The collection of signature data for system development and evaluation generally requires significant time and effort. To overcome this problem, this paper proposes a detector generation based clonal selection algorithm for synthetic signature set generation. The goal of synthetic signature generation is to improve the performance of signature verification by providing more training samples. Our method uses the clonal selection algorithm to maintain the diversity of the overall set and avoid sparse feature distribution. The algorithm firstly generates detectors with a segmented r-continuous bits matching rule and P-receptor editing strategy to provide a more wider search space. Then the clonal selection algorithm is used to expand and optimize the overall signature set. We demonstrate the effectiveness of our clonal selection algorithm, and the experiments show that adding the synthetic training samples can improve the performance of signature verification.
1. Introduction
Handwriting signature recognition is an effective identity authentication method by using signature data, since every person’s signature is different, and especially the dynamic characteristic is difficult to imitate. Recently, lots of signature verification methods have been proposed [1–3], and the main goal is to improve the identification effect by investigating the effective classification feature and algorithm.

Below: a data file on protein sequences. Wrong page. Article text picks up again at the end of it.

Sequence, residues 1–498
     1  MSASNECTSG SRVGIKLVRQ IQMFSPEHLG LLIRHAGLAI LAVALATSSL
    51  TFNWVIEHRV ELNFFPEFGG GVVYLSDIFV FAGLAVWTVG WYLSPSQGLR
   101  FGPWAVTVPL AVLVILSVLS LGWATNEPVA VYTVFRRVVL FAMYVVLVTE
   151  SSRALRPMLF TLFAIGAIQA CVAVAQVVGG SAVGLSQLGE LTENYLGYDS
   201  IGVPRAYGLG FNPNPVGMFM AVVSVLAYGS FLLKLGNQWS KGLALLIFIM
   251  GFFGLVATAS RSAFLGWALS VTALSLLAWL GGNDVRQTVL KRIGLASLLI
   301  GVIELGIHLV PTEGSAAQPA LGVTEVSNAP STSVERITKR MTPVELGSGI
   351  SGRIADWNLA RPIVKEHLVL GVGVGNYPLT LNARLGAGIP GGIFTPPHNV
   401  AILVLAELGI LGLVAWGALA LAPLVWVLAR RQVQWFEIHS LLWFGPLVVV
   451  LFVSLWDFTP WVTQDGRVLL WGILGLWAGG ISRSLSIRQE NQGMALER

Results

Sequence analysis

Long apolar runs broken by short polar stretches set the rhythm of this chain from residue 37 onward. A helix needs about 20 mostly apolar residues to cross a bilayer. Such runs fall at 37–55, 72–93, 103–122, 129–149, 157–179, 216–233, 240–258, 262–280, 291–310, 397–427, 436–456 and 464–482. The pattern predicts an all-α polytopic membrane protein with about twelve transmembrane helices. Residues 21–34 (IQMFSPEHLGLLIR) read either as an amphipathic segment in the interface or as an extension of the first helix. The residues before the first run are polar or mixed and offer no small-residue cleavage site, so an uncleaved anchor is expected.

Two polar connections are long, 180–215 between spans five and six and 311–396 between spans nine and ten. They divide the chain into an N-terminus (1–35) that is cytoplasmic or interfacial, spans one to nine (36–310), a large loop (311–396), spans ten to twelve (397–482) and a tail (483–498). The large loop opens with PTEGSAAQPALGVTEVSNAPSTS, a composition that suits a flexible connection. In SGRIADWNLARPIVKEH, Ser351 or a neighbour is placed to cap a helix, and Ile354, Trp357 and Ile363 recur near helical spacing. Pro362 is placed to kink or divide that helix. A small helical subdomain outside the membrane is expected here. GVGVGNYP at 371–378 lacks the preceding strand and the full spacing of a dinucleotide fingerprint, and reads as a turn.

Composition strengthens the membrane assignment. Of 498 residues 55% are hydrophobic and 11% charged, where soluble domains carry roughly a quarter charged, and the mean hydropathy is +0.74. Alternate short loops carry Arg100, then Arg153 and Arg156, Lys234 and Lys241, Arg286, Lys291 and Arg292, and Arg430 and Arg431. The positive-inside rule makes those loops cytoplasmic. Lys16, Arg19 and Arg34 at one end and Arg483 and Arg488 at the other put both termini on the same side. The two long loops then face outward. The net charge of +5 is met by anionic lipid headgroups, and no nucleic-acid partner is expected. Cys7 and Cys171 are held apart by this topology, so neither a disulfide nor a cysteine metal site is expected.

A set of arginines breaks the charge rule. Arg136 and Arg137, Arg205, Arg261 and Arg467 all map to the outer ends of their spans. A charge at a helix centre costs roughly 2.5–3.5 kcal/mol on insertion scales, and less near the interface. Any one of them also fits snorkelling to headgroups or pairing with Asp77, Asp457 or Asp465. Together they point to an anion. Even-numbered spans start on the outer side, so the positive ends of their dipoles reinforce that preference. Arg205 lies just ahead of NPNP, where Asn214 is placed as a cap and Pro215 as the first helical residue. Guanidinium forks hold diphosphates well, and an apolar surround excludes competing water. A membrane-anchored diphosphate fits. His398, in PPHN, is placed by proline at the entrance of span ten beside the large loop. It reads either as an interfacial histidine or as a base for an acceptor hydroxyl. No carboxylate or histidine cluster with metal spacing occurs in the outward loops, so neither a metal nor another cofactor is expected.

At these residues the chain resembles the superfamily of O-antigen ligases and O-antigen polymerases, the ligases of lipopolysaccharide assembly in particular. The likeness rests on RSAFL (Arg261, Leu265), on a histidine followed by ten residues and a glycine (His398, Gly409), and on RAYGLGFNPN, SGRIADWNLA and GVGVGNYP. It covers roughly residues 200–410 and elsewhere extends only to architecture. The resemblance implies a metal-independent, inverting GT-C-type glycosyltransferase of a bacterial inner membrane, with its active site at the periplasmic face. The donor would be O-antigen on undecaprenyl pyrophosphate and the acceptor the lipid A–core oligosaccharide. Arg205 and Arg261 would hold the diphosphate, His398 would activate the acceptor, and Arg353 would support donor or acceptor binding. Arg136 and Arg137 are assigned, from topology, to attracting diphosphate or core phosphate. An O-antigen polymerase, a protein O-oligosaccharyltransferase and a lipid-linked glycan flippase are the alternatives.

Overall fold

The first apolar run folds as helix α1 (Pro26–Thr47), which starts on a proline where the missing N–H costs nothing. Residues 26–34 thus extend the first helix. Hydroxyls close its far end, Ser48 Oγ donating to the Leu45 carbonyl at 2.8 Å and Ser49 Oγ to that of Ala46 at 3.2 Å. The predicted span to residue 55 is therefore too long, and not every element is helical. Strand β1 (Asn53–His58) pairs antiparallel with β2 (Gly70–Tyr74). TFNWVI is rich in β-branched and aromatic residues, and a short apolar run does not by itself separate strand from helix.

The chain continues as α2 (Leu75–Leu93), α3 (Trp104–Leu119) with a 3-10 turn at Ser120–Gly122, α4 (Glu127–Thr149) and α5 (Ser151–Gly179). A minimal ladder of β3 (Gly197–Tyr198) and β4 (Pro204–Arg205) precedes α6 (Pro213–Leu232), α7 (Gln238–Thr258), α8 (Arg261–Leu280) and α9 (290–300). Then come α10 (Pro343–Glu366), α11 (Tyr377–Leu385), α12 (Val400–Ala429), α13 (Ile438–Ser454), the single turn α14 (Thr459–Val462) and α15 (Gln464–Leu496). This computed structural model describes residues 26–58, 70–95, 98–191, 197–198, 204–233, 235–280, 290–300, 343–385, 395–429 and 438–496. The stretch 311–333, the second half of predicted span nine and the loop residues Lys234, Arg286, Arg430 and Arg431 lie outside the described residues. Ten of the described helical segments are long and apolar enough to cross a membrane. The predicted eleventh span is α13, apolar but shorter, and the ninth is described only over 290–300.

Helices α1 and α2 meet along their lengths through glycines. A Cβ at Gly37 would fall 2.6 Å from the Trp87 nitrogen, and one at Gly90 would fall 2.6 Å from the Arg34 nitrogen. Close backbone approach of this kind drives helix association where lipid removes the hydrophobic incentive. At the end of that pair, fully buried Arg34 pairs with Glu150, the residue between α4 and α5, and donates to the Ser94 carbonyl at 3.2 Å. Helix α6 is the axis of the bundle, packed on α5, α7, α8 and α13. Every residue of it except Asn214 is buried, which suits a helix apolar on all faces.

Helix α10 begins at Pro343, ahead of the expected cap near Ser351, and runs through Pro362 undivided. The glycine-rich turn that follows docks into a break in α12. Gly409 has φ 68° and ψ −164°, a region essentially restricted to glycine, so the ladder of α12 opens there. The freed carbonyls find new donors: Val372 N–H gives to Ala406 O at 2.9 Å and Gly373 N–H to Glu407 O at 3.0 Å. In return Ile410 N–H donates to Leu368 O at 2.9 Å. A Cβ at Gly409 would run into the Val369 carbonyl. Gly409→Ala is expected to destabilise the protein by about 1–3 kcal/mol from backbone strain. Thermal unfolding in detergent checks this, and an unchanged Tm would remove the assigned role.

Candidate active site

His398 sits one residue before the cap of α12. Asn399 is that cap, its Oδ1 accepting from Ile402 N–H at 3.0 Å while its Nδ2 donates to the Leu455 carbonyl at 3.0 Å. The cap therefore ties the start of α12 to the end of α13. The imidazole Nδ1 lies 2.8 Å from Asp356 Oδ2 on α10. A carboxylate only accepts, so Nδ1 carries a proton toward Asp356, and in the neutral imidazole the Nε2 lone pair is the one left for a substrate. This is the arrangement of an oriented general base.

An important challenge is that most existing approaches require sufficient signature samples to guarantee the effect. First, the performance evaluation of these systems needs to provide a large number of test samples [4]. More importantly, most of the classifier algorithms’ (such as neural networks, hidden Markov model) performance generally depends on the amount of training data, and training a stable and efficient classifier needs providing a sufficient number of samples [5]. Although some commercial signature databases have been established, the sharing and distribution of these data are very difficult due to some legal issues [6]. Besides, the number of signature databases that can be shared is fairly limited. A direct solution is to collect signature samples by oneself. However, the database collection is time consuming and expensive, since users are unwilling to submit their privacy data due to potential security problems. In addition, the boring repeated submission process will affect the quality of signature samples.
To overcome the database collection problem, some synthetic signature generation methods have been presented. By these methods, some synthetic signatures can be automatically created by synthesizing real signatures [4–7]. According to the sample synthesis strategies, existing methods can be divided into three categories: duplicated samples, combination of different samples, and synthetic individuals. The duplicate-based method [7–10] generates a new sample through different transformation, and it is suitable for producing different signatures corresponding to the same person. The combination-based method [11] creates a new sample by combining person’s handwritten letters or units from different samples. In the synthetic-based method [6], some kind of a priori knowledge (such as stroke placement distribution, length feature) is used to create a new sample, and this method can create new individuals’ signature. In summary, existing methods focus on novel sample deformation technology, which can make the new sample simulate the characteristics of the real data. Meanwhile, the accuracy of signature verification is improved by adding new training data.